Majority of Americans don't understand smart grid, study says

The majority of Americans have heard of the smart grid, but most don't know what it is, according to a new survey by Whirlpool and Habitat for Humanity.
Written by Andrew Nusca, Contributor

The majority of Americans have heard of the smart grid, but most don't know what it is.

That's according to a new study conducted on behalf of Whirlpool, maker of many an appliance that will one day, with a little intelligence, connect to the grid.

According to the survey, 70 percent of consumers reported being aware of "smart grid technology" but only "somewhat understand how it works."

Just 43 percent of consumers said they know what smart grid tech is.

Interestingly, the number shifted depending on household income: 63 percent of the "upper-middle class" said they knew what it was; 57 percent of "high income" folks reported an understanding of it.

Of those consumers aware of the smart grid, just 35 percent believe their community somewhat understands it. Forty-six percent said they feel their community doesn't understand it at all.

The survey was conducted by the NAHB Research Center on behalf of Whirlpool and Habitat for Humanity International. It was conducted with two groups: consumers (1,092 people were surveyed) and builders (304 people).

The companies' interest in these results stems from the fact that smart appliances are a key component of building green, environmentally sustainable homes.

More stats from the builder portion:

  • Of smart grid-aware respondents, 62 percent said they believe homeowners do not understand it at all.
  • 79 percent of grid-aware respondents said they "at least somewhat understand how it works."
  • 51 percent of grid-aware respondents said they believe the home building industry understands how the technology works.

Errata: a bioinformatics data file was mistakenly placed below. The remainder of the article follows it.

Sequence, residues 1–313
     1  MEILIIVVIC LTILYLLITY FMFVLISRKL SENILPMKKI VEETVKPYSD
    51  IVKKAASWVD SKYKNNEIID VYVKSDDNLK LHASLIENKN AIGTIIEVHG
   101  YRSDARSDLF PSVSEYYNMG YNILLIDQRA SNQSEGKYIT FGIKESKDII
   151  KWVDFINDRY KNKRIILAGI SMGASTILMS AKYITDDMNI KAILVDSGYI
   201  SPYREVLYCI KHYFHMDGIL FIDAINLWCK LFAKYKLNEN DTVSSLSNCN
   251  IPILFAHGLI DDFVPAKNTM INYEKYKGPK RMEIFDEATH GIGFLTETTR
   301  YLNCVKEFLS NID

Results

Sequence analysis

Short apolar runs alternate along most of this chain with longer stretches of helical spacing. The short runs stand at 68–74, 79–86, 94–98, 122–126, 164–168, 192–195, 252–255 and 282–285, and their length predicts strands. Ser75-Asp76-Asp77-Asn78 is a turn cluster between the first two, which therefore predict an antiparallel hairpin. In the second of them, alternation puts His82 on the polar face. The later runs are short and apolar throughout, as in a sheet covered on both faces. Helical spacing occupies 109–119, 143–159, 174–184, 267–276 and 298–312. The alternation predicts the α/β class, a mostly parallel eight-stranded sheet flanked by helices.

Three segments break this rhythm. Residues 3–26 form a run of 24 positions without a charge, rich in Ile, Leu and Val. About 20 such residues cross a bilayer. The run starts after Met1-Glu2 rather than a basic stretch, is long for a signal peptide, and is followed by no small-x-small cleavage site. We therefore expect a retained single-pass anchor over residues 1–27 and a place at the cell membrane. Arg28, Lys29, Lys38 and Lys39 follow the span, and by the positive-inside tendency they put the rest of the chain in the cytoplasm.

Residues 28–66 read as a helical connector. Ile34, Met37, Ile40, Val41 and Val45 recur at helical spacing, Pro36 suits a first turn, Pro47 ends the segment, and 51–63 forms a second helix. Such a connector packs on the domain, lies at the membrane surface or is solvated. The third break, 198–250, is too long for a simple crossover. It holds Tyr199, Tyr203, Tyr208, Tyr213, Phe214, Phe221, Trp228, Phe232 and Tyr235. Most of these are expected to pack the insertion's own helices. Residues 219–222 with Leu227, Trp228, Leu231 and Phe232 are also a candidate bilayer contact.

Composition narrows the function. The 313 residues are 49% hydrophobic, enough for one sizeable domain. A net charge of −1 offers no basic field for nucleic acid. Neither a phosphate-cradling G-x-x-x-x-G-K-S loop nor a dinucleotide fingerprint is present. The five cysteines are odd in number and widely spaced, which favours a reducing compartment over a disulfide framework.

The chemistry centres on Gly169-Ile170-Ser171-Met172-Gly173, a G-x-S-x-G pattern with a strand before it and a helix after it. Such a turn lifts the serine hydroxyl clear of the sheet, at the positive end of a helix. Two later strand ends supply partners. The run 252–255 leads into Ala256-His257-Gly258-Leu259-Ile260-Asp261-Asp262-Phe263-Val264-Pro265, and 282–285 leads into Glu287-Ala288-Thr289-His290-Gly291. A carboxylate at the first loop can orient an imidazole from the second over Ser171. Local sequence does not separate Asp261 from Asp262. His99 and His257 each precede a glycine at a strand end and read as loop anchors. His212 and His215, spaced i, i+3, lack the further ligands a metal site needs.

And a pair of statistics about the future of green building:

  • 48 percent of grid-aware consumer respondents indicated that smart appliances will be "very important" to green homes.
  • 64 percent of grid-aware builder respondents said smart appliances will be at least "somewhat important" to green homes.

Finally, the survey touched on how knowledge of the smart grid was gained. (After all, most of these public perceptions are formed by how folks learn about the smart grid -- friends, coworkers and publications such as SmartPlanet.)

True to that statement, the survey found that the primary sources from which grid-aware consumers learned about the smart grid were the Internet (51%), television/radio (46%) and magazines/periodicals (28%).

Whirlpool's global director of energy and sustainability, Warwick Stirling, summed this point up nicely:

These survey findings suggest that there needs to be greater emphasis on smart grid education among all of us, which would encourage more green building.

A steep challenge, since Whirlpool has committed to making all of its appliances "smart" by the end of 2015.

The survey is the third in a series sponsored by Whirlpool and Habitat for Humanity. (The first was in Nov. 2010; the second, Jan. 2011.)

This post was originally published on Smartplanet.com

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